This photo relates to how women may not feel human all the time in a male-dominated society. And one can note, on the other hand, the ideology of the spectacle as authorized by the dominant order, in which one part of society represents itself to the other, reinforcing domination (Linker 61). The text relates to the struggles women have had over how they are portrayed in the media.
During the 1980’s women were fighting for their own reproductive rights. They were preserving the woman’s right of choice to have an abortion against the pro-life movement. Kruger allowed a campaign by the Pro-Choice Public Education Project to adopt her style in a 1998 ad for abortion rights (Dieckmann 172).
Kruger took this image to an even larger display for the art world. By agreeing to let herself be copied for a cause, Kruger displayed yet another of her facets- call it Barbara Kruger, Anti-Author (Dieckmann 172). The essay “What is an Author” & “A Lecture” by Michael Foucault calls for the death of the author. He states, ” The author is the principle thrift in the proliferation of meaning. We must reverse the traditional idea of the author” (Foucault 952). Kruger has set out to take authorship away from this work.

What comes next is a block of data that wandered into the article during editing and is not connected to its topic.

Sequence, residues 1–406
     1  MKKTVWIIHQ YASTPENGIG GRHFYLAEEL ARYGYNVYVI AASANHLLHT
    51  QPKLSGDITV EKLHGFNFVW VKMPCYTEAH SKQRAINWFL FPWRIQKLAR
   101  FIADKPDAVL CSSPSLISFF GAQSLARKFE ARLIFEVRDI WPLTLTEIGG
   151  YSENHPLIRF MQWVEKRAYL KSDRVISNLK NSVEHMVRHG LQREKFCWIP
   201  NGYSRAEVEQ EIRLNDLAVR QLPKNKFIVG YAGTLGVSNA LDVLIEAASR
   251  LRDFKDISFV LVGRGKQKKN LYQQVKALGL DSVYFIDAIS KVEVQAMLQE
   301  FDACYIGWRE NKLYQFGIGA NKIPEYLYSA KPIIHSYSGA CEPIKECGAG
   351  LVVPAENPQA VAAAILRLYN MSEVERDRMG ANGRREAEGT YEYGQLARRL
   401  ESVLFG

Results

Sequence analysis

Foucault asks the issue in his essay, “What difference does it make who is speaking?” (Foucault, 953). The image “Untitled (Your body is a battleground)” was speaking for women and women’s rights. Kruger let the people repeat her work for a greater protest in her favor. Kruger wanted to get a reaction from society by using her work to promote a cause.
Another example of her work is “Untitled,” made in 1987 (figure 2). The image was placed on a billboard for the University of Art MATRIX program. It shows a girl impressively admiring a boy who is flexing his arm. The text reads “We don’t need another hero” near the bottom of the piece. The text is white in a red strip
extending all the way across the image. The photograph is also outlined in red. The text may be in reference to a song written by Tina Turner in the late 1980’s. The lyrics talk about children that are living in fear because they realize there is no such thing as a hero. The black and white photograph is reminiscent of Dick and Jane artwork done in the 1950’s.